2014 in review: news
The diversity of those employed in the performing arts has been a major theme this year with calls for more women and people from ethnic minority backgrounds to be engaged. Other key news included protestors’ success in forcing the closure of shows with funding from the Israeli government
• Musical Charlie and the Chocolate Factory breaks the West End record for the highest reported weekly gross sales, taking £1,080,260 in the first week of the year.
• Former Whatsonstage chief Terri Paddock reveals she has been dismissed by the company’s new owners, Theatermania, but vows to pursue legal action.
• Parliament’s Culture, Media and Sport Committee announces it is to undertake an inquiry into the workings of Arts Council England following the 2013 Rebalancing Our Cultural Capital Report, which revealed the disproportionate amount of funding for London arts.
• Stiles and Drewe’s forthcoming production of The Wind in the Willows becomes the first West End show to raise £1 million using online crowdfunding technology.
• Nottinghamshire County Council confirms it will remove all of its funding for Nottingham Playhouse despite campaigners’ attempts to convince the local authority to continue its subsidy.
• Manchester Royal Exchange’s artistic director Greg Hersov announces he is leaving the venue after 27 years in the post, making Sarah Frankcom the theatre’s sole artistic director.
• The Stage’s editor, Brian Attwood, leaves after 20 years and is replaced by Alistair Smith, previously his deputy. Paddy Smith later joins as editor, online.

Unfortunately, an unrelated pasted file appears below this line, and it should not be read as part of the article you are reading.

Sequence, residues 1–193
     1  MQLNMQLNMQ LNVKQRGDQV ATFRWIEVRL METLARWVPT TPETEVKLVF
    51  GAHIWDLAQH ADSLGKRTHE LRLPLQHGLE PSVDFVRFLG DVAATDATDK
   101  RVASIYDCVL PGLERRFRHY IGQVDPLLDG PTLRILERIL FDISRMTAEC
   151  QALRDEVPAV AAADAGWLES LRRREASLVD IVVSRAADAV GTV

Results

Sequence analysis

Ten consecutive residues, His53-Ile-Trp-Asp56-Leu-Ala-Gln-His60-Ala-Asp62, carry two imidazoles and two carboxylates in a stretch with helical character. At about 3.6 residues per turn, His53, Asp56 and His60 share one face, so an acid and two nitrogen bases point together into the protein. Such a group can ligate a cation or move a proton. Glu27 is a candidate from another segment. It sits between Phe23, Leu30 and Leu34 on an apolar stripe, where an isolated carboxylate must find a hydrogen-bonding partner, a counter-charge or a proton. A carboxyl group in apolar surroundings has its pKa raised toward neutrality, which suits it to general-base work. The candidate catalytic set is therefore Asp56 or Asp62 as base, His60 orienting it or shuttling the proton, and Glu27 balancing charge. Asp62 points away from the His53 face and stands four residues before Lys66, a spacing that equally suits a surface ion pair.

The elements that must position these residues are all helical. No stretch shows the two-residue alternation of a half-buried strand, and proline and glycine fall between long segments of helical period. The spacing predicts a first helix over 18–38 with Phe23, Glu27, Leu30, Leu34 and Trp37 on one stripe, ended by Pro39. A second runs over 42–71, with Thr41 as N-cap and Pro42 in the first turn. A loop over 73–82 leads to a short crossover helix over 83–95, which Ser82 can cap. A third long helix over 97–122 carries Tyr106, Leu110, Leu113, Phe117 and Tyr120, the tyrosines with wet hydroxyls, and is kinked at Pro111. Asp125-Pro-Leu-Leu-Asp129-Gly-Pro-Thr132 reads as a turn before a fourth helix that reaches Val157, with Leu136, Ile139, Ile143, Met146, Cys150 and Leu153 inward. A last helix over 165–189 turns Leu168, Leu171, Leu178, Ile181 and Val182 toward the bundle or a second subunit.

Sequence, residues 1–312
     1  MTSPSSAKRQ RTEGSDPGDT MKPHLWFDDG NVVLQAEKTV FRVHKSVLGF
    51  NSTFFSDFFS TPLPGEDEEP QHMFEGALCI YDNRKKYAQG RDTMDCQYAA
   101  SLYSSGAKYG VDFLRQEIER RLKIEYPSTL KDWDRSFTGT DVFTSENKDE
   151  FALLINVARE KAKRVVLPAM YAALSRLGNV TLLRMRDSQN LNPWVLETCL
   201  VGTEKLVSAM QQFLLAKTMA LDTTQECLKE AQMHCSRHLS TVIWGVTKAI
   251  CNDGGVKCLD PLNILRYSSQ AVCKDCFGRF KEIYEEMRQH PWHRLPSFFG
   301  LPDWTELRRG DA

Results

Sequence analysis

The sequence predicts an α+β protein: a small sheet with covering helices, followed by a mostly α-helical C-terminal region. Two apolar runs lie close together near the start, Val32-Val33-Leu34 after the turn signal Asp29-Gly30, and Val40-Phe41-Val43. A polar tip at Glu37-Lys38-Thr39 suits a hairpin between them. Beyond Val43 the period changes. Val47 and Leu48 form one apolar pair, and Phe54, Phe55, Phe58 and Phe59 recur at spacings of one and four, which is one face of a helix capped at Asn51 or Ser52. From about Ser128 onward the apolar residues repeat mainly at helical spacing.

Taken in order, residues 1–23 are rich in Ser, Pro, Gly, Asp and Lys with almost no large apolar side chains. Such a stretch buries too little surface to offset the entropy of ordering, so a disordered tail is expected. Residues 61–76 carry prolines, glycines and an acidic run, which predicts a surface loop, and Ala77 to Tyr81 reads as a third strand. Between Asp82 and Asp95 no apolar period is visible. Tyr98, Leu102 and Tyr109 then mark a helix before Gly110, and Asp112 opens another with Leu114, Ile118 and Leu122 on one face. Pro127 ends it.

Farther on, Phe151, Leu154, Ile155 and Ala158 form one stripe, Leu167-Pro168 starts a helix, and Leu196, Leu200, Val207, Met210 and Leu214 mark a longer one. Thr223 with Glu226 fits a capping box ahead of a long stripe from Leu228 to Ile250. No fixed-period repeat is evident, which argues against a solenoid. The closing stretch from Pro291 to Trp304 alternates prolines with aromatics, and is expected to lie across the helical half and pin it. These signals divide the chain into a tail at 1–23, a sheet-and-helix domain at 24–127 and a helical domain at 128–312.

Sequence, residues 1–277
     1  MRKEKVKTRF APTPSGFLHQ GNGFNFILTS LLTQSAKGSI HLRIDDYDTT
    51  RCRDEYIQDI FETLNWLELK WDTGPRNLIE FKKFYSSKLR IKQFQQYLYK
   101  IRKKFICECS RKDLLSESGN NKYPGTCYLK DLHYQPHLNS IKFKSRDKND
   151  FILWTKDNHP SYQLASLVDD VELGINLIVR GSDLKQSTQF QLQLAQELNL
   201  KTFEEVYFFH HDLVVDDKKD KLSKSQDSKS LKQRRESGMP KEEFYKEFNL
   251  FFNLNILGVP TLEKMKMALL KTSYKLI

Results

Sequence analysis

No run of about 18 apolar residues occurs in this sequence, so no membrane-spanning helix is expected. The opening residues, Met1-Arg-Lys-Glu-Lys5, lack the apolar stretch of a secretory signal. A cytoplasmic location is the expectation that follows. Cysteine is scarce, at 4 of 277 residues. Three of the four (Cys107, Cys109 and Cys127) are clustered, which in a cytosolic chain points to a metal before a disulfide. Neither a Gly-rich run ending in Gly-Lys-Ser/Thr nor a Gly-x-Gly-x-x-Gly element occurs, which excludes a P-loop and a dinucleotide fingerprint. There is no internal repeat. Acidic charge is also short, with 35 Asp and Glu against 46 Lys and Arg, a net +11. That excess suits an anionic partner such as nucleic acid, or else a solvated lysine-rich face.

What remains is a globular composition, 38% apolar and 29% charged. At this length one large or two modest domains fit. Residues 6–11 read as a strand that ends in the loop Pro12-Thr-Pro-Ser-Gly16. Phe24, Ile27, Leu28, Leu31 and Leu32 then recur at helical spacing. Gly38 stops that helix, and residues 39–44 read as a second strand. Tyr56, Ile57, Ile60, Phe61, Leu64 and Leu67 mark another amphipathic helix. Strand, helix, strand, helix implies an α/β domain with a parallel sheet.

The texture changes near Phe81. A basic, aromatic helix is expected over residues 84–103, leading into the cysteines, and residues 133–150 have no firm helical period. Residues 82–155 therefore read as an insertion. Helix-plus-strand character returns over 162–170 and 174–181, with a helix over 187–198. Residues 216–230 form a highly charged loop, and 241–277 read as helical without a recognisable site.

• Let the Right One In reopens the Apollo Theatre after three months of closure following a partial ceiling collapse in December 2013.
• Andrew Lloyd Webber musical Stephen Ward closes after four months at the West End’s Aldwych Theatre.
• Director Michael Grandage and casting director David Grindrod join a campaign to retain the £14 million Dance and Drama Award scheme for vocational training, warning that its removal could cause schools to close and reduce access to the industry.
• Chitty Chitty Bang Bang producer Michael Rose puts his production company into liquidation as his debts reach £1.1 million.
• Chancellor George Osborne announces tax breaks for the theatre sector. The tax relief will come into force in September.
• Lenny Henry calls on the BBC to ring-fence money for TV programmes where at least 50% of the production teams and casts are black, Asian or minority ethnic.
• Culture secretary Maria Miller resigns following controversy over her expenses. She is replaced by Sajid Javid.
• The Book of Mormon and Chimerica are the big winners at the Olivier Awards, taking home four and five awards respectively. Highlights of the ceremony are broadcast on ITV but there are 500,000 fewer viewers than for 2013’s coverage.